This week we want to share a guest blog by my friend, Rev. Alisha Smith Haddock, minister at Christian Journey Fellowship Church and director of the McGruder Family Resource Center in North Nashville. Recently we featured my interviews with her recorded earlier this summer. Right now is a very important time to join hands across our communities and work together for change. Here’s how one minister is doing that in Nashville. ~Eileen
My Love for North Nashville and the Black Church
While the Black church is still present and vital to the community, it is no longer the epicenter of activity in the community and its relevance is being questioned. Resources once found in the church houses are now found more frequently in community-based organizations.
Have generations become so far removed that the disconnect is as wide as the Atlantic Ocean? Have we come to a place and time where we aren’t relating to church leadership? Church attendance is declining, violence especially youth violence is on the rise and our communities are experiencing gentrification at a rapid pace. What happened? The leaders are still there, but what worked in the past doesn’t produce the same impact in the present. There is a solution: we need more inclusive leadership.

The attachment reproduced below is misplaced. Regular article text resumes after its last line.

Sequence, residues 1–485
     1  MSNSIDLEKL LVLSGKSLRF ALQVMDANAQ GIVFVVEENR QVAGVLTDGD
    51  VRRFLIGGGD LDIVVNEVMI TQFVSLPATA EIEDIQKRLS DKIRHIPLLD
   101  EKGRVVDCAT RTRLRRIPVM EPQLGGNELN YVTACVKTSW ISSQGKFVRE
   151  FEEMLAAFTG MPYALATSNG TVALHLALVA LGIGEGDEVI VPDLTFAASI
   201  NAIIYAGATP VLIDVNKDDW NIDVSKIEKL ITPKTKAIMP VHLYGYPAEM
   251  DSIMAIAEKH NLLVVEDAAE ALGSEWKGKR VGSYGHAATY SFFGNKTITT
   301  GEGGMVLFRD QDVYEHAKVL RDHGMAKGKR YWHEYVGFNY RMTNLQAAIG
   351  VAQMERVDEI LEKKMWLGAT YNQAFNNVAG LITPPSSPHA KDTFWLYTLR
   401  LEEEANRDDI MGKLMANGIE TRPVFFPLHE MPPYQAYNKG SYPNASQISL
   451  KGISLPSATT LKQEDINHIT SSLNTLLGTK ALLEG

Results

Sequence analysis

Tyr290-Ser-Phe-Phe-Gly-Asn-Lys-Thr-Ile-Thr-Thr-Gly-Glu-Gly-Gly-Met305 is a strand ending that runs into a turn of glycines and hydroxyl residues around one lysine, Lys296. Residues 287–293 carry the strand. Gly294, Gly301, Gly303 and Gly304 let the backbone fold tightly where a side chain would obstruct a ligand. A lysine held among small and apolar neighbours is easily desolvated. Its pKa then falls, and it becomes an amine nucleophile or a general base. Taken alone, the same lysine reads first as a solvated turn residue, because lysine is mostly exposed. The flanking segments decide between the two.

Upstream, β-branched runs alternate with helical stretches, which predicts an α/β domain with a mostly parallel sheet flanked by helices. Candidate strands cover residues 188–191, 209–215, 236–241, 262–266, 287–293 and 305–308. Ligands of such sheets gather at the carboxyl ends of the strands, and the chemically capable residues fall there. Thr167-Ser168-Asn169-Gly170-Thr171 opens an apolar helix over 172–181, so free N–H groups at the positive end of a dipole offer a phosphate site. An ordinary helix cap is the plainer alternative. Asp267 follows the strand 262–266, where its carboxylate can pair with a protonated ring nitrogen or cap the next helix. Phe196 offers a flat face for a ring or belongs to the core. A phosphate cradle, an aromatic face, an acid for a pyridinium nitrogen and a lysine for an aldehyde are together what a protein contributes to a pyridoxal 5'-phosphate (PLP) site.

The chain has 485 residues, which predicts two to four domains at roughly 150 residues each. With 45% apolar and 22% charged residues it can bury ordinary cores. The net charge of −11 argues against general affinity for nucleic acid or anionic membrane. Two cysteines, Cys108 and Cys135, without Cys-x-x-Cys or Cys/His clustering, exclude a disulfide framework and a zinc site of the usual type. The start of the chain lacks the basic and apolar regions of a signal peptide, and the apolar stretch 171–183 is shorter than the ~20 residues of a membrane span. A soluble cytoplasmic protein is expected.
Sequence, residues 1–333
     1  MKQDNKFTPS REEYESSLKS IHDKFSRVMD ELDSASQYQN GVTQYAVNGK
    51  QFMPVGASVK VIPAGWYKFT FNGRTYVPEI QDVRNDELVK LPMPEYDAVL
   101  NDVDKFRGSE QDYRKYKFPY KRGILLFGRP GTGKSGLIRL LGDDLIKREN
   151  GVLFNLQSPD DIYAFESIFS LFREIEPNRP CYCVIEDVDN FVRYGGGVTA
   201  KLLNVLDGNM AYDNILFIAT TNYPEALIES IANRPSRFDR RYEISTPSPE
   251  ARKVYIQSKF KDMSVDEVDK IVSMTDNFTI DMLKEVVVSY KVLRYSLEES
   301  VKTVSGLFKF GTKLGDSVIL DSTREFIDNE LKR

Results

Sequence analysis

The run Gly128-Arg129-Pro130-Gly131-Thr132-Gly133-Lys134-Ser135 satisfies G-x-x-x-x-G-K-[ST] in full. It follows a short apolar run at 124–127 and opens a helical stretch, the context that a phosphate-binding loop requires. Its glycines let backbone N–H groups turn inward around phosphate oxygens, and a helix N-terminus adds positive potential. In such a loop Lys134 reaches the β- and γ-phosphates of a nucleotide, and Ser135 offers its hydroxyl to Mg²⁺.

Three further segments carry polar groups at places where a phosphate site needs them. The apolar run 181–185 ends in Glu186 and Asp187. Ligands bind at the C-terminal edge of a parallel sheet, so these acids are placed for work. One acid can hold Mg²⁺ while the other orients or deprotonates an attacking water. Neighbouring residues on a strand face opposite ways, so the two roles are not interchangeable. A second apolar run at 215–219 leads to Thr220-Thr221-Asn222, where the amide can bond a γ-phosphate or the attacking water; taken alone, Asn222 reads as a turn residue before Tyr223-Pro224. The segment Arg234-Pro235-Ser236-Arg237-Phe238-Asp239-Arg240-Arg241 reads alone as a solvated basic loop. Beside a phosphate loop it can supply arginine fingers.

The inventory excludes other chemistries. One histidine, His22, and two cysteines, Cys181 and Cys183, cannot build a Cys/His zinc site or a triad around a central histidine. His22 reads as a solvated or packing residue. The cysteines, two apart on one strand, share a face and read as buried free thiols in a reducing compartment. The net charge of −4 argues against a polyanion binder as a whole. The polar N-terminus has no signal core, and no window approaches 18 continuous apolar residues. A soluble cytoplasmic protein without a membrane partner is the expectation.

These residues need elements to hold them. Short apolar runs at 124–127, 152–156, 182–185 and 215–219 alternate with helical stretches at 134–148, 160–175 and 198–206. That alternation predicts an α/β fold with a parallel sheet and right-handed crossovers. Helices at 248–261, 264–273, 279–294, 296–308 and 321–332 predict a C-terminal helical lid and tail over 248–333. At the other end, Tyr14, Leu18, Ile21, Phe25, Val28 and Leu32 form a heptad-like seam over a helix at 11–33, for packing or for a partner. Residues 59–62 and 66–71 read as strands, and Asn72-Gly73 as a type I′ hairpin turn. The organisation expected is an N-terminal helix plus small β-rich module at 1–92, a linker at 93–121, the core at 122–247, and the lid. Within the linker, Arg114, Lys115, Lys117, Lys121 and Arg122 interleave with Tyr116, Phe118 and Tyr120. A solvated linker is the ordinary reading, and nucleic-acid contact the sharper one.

North Nashville is a historic, unique and predominately Black community with immeasurable value. I was raised in North Nashville and have an enduring love for this special place, its people and its faith community. My faith in God and my love for the North Nashville community and all it represents is what fuels and informs my work in the community.
Working in a community with a treasured past that has not been equally or adequately represented in the larger community has its challenges. Mainly because many of its voices are going unheard. The Black church must play a critical role in amplifying neglected voices to remain relevant to this present age. While predominantly white communities are appreciated by city government, communities like North Nashville remain overlooked and ignored. Communities like North Nashville require much attention from the Black church and city leaders speaking up for more economic development and community input on the direction of its growth.
Help and Encouragement